By folding a paper-based Li-ion battery in a Miura-ori pattern (similar to how some maps are folded), scientists have shown that the battery exhibits a 14x increase in areal energy density and capacity due to its smaller footprint. Paper-based batteries are already attractive due to their low cost, roll-to-roll fabrication methods, and flexibility. The advantages of folding them into smaller sizes adds to these features and could lead to high-performance batteries for various applications.
The researchers, Qian Cheng, et al., from Arizona State University, have published a paper on folding paper-based Li-ion batteries in a recent issue of Nano Letters.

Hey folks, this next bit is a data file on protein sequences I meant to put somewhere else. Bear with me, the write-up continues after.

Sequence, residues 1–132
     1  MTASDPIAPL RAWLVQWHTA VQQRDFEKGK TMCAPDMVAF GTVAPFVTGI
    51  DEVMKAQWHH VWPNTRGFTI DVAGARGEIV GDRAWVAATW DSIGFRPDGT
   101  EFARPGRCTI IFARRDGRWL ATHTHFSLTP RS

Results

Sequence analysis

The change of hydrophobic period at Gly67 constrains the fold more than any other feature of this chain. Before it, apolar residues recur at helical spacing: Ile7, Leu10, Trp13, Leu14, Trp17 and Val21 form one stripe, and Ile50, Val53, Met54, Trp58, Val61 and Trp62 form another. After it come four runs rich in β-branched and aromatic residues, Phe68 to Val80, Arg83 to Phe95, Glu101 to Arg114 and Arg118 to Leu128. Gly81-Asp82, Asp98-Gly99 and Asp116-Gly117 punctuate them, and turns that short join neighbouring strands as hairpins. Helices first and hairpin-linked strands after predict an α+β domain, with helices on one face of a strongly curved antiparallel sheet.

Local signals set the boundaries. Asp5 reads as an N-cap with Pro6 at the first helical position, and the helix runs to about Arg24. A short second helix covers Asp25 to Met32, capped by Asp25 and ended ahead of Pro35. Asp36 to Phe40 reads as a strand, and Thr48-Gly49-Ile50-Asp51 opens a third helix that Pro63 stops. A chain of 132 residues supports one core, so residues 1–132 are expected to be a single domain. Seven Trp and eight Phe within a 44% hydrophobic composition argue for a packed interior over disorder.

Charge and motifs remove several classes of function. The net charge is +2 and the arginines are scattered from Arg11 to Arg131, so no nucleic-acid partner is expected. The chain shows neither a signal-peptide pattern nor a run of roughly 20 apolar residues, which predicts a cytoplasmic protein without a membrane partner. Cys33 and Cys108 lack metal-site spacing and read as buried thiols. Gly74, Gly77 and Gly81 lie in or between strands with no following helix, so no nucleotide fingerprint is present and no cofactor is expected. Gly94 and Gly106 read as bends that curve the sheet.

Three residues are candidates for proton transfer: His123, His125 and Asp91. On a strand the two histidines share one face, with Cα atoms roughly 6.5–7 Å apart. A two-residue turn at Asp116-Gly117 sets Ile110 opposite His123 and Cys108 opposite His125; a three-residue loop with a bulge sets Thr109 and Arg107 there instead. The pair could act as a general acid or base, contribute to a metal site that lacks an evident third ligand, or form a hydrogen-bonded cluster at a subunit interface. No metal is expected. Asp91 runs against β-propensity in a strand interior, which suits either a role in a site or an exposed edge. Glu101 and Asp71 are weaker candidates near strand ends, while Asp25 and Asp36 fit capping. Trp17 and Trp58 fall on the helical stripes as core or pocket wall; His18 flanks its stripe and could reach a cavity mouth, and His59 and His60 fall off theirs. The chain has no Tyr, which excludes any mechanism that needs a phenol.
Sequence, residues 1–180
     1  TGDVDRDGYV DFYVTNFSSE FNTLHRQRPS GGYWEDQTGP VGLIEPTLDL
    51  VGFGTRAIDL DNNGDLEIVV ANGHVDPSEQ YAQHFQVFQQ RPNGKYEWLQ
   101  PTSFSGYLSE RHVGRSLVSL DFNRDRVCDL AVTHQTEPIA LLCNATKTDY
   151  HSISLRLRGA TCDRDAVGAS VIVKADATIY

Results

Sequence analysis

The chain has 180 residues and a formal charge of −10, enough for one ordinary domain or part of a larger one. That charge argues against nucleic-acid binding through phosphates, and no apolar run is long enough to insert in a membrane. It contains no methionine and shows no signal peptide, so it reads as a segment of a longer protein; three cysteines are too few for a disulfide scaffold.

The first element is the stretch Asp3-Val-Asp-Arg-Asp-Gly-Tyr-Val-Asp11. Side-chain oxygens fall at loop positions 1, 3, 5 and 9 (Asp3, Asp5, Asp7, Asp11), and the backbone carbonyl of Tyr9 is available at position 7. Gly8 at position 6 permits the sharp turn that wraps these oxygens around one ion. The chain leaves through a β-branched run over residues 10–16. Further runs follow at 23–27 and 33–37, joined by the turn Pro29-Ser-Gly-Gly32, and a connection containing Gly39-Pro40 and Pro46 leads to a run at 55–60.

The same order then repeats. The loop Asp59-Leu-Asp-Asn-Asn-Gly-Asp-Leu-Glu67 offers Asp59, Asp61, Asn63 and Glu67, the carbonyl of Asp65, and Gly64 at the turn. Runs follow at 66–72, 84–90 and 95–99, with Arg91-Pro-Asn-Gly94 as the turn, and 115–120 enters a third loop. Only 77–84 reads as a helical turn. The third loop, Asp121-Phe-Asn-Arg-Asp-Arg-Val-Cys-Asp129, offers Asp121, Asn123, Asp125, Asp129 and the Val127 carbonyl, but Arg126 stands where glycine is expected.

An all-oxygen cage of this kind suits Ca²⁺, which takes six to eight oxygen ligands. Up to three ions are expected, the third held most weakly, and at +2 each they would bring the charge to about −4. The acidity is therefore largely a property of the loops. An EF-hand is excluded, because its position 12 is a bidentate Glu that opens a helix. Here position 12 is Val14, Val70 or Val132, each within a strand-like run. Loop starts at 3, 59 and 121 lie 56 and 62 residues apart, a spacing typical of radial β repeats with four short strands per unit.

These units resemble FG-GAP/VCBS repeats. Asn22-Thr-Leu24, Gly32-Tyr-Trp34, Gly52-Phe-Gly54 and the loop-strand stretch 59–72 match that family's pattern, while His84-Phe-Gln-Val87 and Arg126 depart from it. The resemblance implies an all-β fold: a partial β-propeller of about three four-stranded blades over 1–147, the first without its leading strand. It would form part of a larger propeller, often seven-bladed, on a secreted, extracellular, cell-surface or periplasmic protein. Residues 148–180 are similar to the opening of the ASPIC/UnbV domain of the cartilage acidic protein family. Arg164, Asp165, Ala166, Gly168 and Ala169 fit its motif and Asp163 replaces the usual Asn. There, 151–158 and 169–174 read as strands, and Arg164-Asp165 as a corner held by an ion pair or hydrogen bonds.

"Foldable batteries may be useful for powering devices that have limited space on board," coauthor Candace Chan, Assistant Professor of Materials Science and Engineering at Arizona State University, told Phys.org. "Furthermore, with the development of foldable paper-based electronics demonstrated by other research groups recently, a battery that also can be folded may become important for integration of the power source and other components into a single, entirely foldable device."
In the current study, the scientists used Li-ion batteries made of carbon nanotube (CNT) ink as the current collectors; conventional lithium-based powders as the electrodes; and thin, porous KimwipesTM as the paper substrates. The researchers also added a polyvinylidene difluoride (PVDF) coating to improve adhesion of the CNT ink to the paper substrates. The final batteries showed good conductivity and—after an irreversible capacity loss after the first cycle—a relatively stable capacity.